The Government can do more than we have heard described today to help UK farmers. Although the Minister said some pleasant words about deregulation, just recently, an enormous number of environmental regulations have been imposed on the farming industry, including the groundwater regulations and the integrated pollution prevention and control regulations. Farmers have also been threatened with nitrate regulations, and a pesticides tax that would be £55 per tonne, which is simply not sustainable. The Government have temporarily withdrawn the pesticides tax proposal, but they have not said that they will permanently withdraw it. I simply hope that the Ministry and the Government will make every effort to ensure that farmers are not overburdened with regulations, and that regulations are introduced sympathetically. When farming is in difficulty, those burdens have a disproportionate cost.

Similarly, the Minister made much of diversification in the countryside. However, that possibility will be dependent largely on the way in which planners and the planning authorities approach it. Farming enterprises have a new difficulty when they seek to diversify farm barns or other buildings. They are now told by local planners that their proposals are not sustainable, because, as farm buildings tend to be in the countryside, some way from centres of population, people may have to drive to them. A farmer in my constituency wished to convert some buildings that were going to be used by a local physiotherapist to provide a service for a large number of people in the area, but planning permission was denied.

Mr. Geoffrey Clifton-Brown (Cotswold) rose--

Mr. Baldry: I am not going to give way. I have been waiting since 1.30 pm and I have been speaking for only 15 minutes.

The Government's policies on diversification will come to nought if they cannot encourage planners to be more sympathetic.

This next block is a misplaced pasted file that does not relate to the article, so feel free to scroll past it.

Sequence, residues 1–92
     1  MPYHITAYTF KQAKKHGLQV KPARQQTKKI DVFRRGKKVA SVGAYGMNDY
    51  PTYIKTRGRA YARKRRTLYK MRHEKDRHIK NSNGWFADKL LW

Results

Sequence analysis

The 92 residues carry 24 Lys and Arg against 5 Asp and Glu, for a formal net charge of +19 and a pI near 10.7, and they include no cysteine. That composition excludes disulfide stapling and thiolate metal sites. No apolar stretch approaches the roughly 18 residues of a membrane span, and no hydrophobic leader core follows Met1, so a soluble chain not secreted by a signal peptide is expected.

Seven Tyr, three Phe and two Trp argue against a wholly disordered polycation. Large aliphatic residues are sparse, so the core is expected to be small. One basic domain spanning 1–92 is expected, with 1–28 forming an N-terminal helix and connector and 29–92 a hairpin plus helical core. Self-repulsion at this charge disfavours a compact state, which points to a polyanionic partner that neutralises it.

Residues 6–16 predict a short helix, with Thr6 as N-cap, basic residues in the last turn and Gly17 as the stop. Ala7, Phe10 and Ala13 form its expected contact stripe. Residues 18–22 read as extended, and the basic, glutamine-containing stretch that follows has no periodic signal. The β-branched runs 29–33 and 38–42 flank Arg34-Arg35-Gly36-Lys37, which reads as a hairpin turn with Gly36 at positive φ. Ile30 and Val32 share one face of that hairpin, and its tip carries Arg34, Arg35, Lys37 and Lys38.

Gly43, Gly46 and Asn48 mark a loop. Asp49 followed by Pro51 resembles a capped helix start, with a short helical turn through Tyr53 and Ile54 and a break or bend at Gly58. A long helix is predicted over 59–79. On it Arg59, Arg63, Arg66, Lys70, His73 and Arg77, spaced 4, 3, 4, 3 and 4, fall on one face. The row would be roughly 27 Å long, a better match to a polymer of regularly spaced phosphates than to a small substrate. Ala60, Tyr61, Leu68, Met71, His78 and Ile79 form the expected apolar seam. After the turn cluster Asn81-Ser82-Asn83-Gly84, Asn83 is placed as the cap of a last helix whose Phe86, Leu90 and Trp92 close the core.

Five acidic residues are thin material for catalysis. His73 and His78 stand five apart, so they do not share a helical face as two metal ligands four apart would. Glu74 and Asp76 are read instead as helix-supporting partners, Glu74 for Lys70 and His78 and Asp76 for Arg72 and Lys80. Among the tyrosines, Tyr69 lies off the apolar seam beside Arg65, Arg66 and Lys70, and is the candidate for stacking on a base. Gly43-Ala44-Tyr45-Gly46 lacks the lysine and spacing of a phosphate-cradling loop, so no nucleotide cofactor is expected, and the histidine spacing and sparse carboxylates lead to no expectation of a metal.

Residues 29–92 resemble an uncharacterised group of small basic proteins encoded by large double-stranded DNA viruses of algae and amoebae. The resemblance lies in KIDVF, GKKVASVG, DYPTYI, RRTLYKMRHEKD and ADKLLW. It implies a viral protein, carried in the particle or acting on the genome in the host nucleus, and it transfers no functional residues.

I am conscious that a number of my hon. Friends have also been waiting for a long time and wish to speak, so I shall come to my final point. Several farmers in my constituency are concerned about the IACS cheques. Debates on agriculture are always partly in code, and I apologise for that, but the Minister will understand what I am talking about. The issue is incredibly important for the cash flow of cereal farmers. They usually receive their IACS cheque at the end of November, but there are concerns that they will not receive it until March of the following year. That will disrupt their cash flow considerably. I hope that the Minister will assure that House that the situation will not change.

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While it is clearly good to make form-filling easier by taking advantage of computerisation and the internet, a large number of farmers do not have computers. It would be greatly resented if an increase in computerisation was simply code for cutting the number of regional offices and the opportunities for farmers to have face-to-face contact with MAFF officials to help them with form-filling. We have heard repeatedly that if farmers get their IACS form wrong, the financial penalties are draconian. There is no appeal or remedy, only a total financial loss. The network of MAFF regional offices has been greatly respected and appreciated over the years.

These are grim times for UK agriculture. The Government have not made the progress that they should have done. We are not alone in saying that. A House of Commons Library research paper on the Agenda 2000 reforms says that the result was a disappointment to the British Government and the dairy industry. There is no sign that the EU is willing to abolish dairy quotas. Even the existing commitments are worth little, since there is ample scope for change of mind before 2005.

The Minister is always courteous and always comes with soft words, but farmers are interested in what his actions mean. They want money in the bank and financial support for the farming community during the greatest crisis for agriculture in living memory. The farming industry is looking to the Government to give a positive lead and real assistance. If they cannot do that, the 15,000 jobs that may be lost in agriculture this year will be nothing compared with the likely job losses in years to come.